Parents' Guide to

Flashback: Keeper of the Lost Cities, Book 7

By Mary Eisenhart, Common Sense Media Reviewer

age 9+

Little is resolved in colossal teen-elf epic installment.

Flashback: Keeper of the Lost Cities, Book 7 Poster Image

A Lot or a Little?

What you will—and won't—find in this book.

Community Reviews

age 11+

Based on 4 parent reviews

age 13+

Fun, addictive, violent installment can be pretty slow at times

Flashback starts with a bang and ends with a BOOM, but the in-between can be super slow. For one thing, we get basically no answers about anything besides Silveny’s pregnancy and the fact that Fitz likes Sophie (ugh, Fitzphie is SO gross), so if you’re wondering if you can skip a book, this would be the book to skip, though I definitely don’t recommend doing that. Some stuff is really great, (Sophie and Keefe’s spirited, feisty banter and magnetic chemistry, anything with Ro, and the fact that Dex has finally gotten over Sophie) and other stuff is just meh. The writing is totally engrossing, Shannon Messenger has crafted a great style that sweeps you away and leaves you feeling like an emotional wreck after the book is over, so the hundreds of pages in the Healing Center were actually pretty interesting even though not much really happened. The fight that lands Sophie and Fitz in the Healing Center is pretty graphic, too. My thirteen year old self felt a little queasy reading it, and I have a super tough stomach when it comes to violence in books or movies. The crunching and shattering of bones, the shredding of muscle and nerve, the slicing and stabbing of said shattered bones and shredded muscle, it’s all pretty gory. Plus we also get Sophie’s agonized POV as this all happens to her and her friends, which adds an intriguing level of intensity to it all. But a thirteen year old could most likely handle it. And then the love triangle, let me just say, you will be So. Sick. Of. It. Because all those pages with Sophie and her duo add up to Sophie still not knowing who she really likes. (Is anybody really in doubt about who she’s going to choose? Because I’d bet quite a lot of money that it’s Keefe.) It gets tiring to read about pages upon pages of Keefe, Sophie, and Fitz navigating their complicated feelings, and by the end of it you have a big fat nothing. (By the way, you won’t get a semi-ending to the triangle until Stellarlune. Have fun waiting.) We also don’t see a lot of the side characters we’ve come to care about much, either. And Fitz becomes a total jerk by the end of the book. But, even with all that, Flashback is still entertaining. Yes, it’s a bit of a filler book. Yes, it can be hand-wringing inducing at times. But it’s also fun, engrossing, and has a signature edginess to it that’s great for teen readers, too. So should you read it? Yeah, even if you won’t feel totally satisfied by the end of it. But the story’s not over yet, so that’s only to be expected.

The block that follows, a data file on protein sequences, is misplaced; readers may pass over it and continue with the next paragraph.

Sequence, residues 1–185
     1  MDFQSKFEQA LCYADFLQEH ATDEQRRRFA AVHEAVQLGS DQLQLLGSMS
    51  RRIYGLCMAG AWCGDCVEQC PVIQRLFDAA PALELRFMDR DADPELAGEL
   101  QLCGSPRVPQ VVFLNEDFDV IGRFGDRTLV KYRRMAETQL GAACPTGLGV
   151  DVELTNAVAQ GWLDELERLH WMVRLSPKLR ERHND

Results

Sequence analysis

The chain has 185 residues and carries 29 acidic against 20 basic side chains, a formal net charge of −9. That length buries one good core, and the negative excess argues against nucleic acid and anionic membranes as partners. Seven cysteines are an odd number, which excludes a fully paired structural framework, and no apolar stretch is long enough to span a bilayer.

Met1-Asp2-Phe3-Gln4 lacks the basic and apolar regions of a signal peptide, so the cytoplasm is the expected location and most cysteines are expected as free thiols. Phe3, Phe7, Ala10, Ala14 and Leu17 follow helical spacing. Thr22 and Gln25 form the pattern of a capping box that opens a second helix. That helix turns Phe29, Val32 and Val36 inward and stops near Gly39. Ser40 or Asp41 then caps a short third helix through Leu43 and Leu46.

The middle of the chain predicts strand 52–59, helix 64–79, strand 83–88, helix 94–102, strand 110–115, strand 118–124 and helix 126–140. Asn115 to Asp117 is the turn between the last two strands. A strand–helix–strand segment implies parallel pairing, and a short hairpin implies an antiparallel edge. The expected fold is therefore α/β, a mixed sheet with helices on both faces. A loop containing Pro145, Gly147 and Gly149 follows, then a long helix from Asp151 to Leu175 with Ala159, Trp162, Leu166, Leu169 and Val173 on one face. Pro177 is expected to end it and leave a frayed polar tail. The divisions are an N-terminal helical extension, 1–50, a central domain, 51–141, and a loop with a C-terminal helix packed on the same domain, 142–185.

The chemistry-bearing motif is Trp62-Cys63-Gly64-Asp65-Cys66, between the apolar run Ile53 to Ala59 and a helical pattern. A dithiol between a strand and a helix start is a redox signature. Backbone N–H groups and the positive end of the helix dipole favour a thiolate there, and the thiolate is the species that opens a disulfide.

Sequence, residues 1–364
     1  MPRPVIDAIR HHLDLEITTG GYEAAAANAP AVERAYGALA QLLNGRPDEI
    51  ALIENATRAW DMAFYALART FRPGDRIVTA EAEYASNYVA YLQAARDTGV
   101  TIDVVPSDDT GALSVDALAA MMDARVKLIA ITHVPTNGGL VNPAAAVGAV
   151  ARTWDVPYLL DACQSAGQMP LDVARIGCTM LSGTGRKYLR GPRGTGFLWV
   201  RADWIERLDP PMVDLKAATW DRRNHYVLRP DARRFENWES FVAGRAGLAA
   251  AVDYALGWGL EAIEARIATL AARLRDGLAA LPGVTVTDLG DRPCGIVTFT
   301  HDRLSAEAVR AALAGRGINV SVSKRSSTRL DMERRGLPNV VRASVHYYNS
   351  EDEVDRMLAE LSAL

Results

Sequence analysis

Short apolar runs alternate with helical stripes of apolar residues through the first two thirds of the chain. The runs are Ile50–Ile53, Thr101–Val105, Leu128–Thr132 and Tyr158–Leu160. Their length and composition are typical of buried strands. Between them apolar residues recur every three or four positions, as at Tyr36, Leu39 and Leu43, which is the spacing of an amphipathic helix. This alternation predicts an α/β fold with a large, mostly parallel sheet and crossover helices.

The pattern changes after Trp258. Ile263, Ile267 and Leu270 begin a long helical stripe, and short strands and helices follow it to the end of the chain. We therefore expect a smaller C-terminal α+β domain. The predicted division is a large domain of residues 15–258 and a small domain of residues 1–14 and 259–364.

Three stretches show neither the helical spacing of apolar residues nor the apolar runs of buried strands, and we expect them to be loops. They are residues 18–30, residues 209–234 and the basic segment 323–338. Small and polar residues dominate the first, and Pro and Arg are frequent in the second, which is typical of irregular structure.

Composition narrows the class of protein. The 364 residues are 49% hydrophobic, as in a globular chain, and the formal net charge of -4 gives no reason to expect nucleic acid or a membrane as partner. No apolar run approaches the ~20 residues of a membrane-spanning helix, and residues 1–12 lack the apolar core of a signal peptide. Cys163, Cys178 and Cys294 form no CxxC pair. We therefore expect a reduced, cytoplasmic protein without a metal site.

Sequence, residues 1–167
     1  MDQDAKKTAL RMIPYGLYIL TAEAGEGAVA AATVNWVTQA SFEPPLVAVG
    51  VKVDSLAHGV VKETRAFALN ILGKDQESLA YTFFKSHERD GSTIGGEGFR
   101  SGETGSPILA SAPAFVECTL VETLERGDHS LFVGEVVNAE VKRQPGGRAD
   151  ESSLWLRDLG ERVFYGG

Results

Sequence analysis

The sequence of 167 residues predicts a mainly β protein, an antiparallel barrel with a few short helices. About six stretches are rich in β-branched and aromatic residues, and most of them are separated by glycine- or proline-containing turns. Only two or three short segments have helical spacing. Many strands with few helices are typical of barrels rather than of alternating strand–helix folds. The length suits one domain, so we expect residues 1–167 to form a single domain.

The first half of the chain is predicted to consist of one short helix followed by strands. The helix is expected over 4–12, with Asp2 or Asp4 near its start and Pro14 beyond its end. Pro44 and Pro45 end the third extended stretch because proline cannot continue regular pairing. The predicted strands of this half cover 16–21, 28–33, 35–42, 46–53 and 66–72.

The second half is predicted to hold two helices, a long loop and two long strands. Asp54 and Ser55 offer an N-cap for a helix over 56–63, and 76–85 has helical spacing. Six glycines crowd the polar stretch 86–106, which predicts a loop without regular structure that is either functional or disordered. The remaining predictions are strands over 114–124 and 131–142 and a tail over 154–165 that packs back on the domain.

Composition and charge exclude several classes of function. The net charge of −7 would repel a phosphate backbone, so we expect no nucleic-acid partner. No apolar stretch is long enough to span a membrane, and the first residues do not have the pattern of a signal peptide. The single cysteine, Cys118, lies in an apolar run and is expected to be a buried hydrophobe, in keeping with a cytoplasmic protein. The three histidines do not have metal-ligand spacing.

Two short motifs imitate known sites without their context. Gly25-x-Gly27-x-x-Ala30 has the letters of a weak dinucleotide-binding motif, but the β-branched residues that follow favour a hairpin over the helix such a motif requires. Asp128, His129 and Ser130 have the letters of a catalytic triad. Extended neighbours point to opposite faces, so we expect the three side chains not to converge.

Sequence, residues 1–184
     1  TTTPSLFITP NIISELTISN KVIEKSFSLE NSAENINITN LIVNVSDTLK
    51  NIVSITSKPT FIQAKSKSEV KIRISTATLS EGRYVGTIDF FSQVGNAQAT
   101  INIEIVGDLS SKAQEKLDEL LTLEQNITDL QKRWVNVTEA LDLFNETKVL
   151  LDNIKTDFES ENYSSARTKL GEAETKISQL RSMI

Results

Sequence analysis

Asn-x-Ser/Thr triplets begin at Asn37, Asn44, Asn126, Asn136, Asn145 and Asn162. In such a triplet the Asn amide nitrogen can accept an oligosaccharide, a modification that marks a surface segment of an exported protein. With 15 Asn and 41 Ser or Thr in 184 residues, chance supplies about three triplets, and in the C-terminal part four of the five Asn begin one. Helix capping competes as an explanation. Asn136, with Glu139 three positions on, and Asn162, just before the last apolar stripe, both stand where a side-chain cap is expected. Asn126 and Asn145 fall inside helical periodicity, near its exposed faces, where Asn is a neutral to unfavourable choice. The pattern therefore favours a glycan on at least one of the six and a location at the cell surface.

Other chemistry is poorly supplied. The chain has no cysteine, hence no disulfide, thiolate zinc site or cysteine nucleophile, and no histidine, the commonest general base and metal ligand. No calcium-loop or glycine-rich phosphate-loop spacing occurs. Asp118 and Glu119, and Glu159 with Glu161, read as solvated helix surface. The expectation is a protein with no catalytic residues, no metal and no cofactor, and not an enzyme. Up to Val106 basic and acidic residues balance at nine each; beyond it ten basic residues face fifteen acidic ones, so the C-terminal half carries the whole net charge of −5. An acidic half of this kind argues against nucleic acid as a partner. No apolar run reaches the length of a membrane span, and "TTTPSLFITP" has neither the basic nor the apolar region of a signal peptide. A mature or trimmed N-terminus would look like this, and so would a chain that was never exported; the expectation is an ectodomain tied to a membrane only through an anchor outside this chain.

age 11+

This title has:

Educational value
Great messages
Great role models

Is It Any Good?

Our review:
Parents say (4 ):
Kids say (37 ):

Elf teens face hardship and moral dilemmas en route to another cliffhanger in this series installment that's exciting but a bit frustrating. Hoping for a satisfying wrap-up of Shannon Messenger's elvin epic? You won't get it this time. But if you love the series for the sparkly world-building, the costume changes, the inner turmoil over romance and world-saving, and the likelihood that some previously unmentioned event or magical capability will emerge at just the right moment, you'll be happy with Flashback. If you love the interplay of dozens of intriguing but still largely undeveloped characters as they find themselves in challenging situations and squabble among themselves -- or work together to achieve some heroic, impossible goal -- ditto.

But if you're waiting for author Messenger to reveal, say, Sophie's biological parents (after a multi-volume tease), you'll be none the wiser after 848 pages. And that pesky love triangle? Still triangulating. If you're in this for something other than the immersion, you may be feeling a bit strung along and losing patience about now.

Book Details

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